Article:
Over the past few years, I have listened to more and more music, growing increasingly attached to the artists I love. With the limited freedom that comes with being a teenager, staying up for the release of new music – whether it be a song, mixtape, or album – has become one of my favorite pastimes. So as Spanish singer-songwriter Rosalía, aka Rosalía Vila Tobella, slowly made her way through the release cycle of her newest album, “MOTOMAMI,” I began to realize it would be something worth staying up for.
“La Fama,” or “The Fame,” was released late last year as the first single. The song follows the Bachata style, which originated in the Dominican Republic during the early 20th century and has gained popularity in recent decades. Like other Bachata works, “La Fama” has an enticing syncopated rhythm, sampling Rosalía’s vocals to create a sleek, romantic melody. The song describes fame as a person; she is “traicionera” (treacherous) and fleeting. Although it features the Weeknd and is produced to a tee, “La Fama” left me somewhat disappointed. It did not stand out – have the same flair – as other Rosalía songs.
Then, “Saoko” was released.
The word “saoco,” now a Puerto Rican slang term, originated in Africa and means “movement.” And man, does “Saoko” move. It is fast, high energy. The bass is rough and solid. Rosalía speaks quickly, describing the transformations that she – and the things around her – are going through.
“Eh, yo soy muy mía, yo me transformo
Una mariposa, yo me transformo”
“I’m very myself, I transform myself
A butterfly, I transform myself”
She is not breathless; the quick vocal cuts show she does not have time to breathe. As the song moves on, a piano enters. First, with a single high note. Next, with a low note. Then, the interlude begins. The hard beat stops, replaced by the sounds of popping champagne and relaxed conversation over drinks. It is a quick touch of relaxation and sophistication, a hint of the Rosalía that the public has celebrated her past two album releases. As quick as it comes, it’s gone, and the beat returns. Layered voices bubble up, the drums rise to a crescendo, and the song ends.
Something about “Saoko” – the jarring synth, the break-neck speed – drew me in, not just to the song, but to “MOTOMAMI” overall. It was a stark contrast from most everything Rosalía had put out before, but it seemed to me to be the most her. Suddenly, “La Fama” and “Chicken Teriyaki” seemed to make more sense.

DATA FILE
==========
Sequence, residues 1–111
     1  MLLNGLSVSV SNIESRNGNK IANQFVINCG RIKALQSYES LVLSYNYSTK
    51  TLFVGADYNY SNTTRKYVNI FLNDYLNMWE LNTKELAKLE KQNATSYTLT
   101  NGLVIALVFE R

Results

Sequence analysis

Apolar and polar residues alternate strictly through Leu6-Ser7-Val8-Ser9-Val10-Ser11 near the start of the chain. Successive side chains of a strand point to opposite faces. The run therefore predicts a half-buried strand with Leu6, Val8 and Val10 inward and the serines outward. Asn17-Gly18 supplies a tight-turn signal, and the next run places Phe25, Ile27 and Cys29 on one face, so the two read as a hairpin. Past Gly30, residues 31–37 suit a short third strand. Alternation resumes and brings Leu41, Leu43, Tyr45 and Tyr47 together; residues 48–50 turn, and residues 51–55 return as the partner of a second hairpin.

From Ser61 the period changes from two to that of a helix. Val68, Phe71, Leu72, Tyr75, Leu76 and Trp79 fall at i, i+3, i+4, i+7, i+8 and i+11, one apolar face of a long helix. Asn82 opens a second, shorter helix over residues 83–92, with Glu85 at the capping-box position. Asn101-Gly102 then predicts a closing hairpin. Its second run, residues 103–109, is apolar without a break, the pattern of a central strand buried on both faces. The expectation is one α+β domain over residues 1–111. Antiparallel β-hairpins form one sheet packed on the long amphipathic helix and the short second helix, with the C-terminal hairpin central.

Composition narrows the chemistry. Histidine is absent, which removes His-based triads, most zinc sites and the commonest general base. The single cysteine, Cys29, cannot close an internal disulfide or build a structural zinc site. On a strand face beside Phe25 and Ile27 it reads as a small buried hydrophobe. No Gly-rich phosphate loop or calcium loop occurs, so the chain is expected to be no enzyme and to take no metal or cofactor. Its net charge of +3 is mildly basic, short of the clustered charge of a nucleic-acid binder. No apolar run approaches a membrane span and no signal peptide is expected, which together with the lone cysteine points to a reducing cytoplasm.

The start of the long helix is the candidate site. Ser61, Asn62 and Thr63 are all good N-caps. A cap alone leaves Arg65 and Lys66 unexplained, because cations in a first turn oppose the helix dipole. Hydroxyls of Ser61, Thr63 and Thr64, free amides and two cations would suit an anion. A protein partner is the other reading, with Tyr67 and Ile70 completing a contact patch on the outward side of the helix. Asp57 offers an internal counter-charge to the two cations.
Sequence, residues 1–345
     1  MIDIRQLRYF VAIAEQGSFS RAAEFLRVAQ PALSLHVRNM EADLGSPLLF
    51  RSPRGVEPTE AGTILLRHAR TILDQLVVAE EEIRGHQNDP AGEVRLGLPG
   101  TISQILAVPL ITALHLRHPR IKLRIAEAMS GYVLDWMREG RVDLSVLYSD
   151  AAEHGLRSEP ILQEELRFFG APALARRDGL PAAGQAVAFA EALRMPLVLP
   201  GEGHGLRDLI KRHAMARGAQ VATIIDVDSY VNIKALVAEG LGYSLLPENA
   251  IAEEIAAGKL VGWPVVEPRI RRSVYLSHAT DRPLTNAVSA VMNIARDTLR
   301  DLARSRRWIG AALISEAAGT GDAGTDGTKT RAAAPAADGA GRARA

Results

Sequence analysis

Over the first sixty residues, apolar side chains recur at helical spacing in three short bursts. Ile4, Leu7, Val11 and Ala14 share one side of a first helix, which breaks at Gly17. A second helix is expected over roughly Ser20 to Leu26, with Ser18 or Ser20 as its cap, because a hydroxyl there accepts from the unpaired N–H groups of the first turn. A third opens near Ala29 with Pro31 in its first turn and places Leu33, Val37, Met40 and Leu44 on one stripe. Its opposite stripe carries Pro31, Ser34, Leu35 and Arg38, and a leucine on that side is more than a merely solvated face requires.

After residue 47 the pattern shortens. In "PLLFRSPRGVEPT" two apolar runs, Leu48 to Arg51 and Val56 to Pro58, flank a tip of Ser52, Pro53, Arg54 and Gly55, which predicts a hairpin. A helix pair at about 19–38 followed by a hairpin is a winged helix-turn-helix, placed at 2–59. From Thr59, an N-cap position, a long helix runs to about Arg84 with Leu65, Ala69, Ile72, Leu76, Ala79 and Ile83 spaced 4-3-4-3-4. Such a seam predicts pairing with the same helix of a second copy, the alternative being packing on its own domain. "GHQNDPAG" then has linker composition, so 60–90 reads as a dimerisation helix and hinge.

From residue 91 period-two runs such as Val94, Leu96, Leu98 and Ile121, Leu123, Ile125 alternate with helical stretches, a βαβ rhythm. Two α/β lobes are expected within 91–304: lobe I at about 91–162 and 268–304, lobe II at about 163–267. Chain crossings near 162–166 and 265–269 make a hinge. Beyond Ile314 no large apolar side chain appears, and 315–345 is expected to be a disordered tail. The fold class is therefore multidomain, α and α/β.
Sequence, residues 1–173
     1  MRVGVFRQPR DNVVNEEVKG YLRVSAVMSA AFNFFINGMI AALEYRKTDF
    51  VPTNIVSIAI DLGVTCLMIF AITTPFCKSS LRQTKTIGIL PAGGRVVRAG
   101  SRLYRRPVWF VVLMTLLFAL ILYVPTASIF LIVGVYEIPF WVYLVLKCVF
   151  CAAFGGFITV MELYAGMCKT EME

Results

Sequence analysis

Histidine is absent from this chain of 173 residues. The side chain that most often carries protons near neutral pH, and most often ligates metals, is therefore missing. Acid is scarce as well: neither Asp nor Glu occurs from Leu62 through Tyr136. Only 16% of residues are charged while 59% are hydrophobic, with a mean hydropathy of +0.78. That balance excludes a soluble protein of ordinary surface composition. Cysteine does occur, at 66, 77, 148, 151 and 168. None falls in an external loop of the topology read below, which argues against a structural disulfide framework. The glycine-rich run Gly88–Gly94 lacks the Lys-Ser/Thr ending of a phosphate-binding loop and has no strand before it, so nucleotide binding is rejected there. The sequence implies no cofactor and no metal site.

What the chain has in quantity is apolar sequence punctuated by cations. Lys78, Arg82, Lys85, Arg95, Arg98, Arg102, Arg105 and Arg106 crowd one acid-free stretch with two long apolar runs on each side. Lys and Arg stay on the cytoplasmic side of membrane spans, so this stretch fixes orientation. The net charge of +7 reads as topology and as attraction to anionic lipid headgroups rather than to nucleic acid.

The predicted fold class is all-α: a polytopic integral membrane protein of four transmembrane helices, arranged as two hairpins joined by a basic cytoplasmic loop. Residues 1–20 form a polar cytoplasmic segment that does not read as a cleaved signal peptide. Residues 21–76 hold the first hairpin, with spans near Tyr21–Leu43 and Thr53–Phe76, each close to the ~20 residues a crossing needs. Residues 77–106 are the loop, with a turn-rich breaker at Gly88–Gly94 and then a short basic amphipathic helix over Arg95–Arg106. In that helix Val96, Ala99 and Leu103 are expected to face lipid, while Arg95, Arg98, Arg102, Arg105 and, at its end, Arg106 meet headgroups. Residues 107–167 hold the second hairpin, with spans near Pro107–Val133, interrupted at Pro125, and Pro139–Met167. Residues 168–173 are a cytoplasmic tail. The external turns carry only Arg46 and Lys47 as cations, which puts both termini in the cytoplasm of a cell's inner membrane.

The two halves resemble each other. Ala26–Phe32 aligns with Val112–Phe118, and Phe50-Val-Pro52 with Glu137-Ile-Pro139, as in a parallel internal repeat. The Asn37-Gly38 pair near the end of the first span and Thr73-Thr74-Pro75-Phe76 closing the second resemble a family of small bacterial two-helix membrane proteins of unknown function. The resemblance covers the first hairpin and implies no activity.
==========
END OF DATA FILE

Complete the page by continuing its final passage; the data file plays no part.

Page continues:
As it drew closer and closer to release day, my excitement grew. “Saoko” quickly became my most played song of the month, flying up the ranks of top songs of the year. Weeks drew to days drew to hours. And finally, with my anticipation at a buzzing peak, “MOTOMAMI” released.
It did not disappoint.
“Saoko” is the first track. As the album’s ethos condensed into one shape-shifting frenzy, the song is the perfect opener. “Candy” is next.
It begins with a lighter, moodier synth. Rosalía’s voice is faded, more subdued. When the beat cuts in, it is sharp, almost metallic; there is a noticeable dreamlike quality. Where “Saoko” visualized the intensely confident, brusque side of Rosalía, especially in its spectacularly directed video, “Candy” is the other side, more delicate and introspective. “Candy” speaks of heartbreak, alluding to the abuse of “El Mal Querer” with lyrics that delve into moving on from a former partner’s abuse:
“Ya no te quiero como antes
Me rompiste, pero solo en parte”
“I don’t love you like I used to
You broke me, but only partly”
“Como un G” is another song that illustrates yearning and pain. Like in “Candy,” Rosalía finds herself thinking about a past relationship. She’s moved on, or at least says she has. But like the rest of us, her mind sometimes wanders. Autotuned vocals and a powerful chorus swell to create a relentlessly aching pull. Although most of the lyrics flew over my head upon first listen, “Como un G” still swallowed me whole.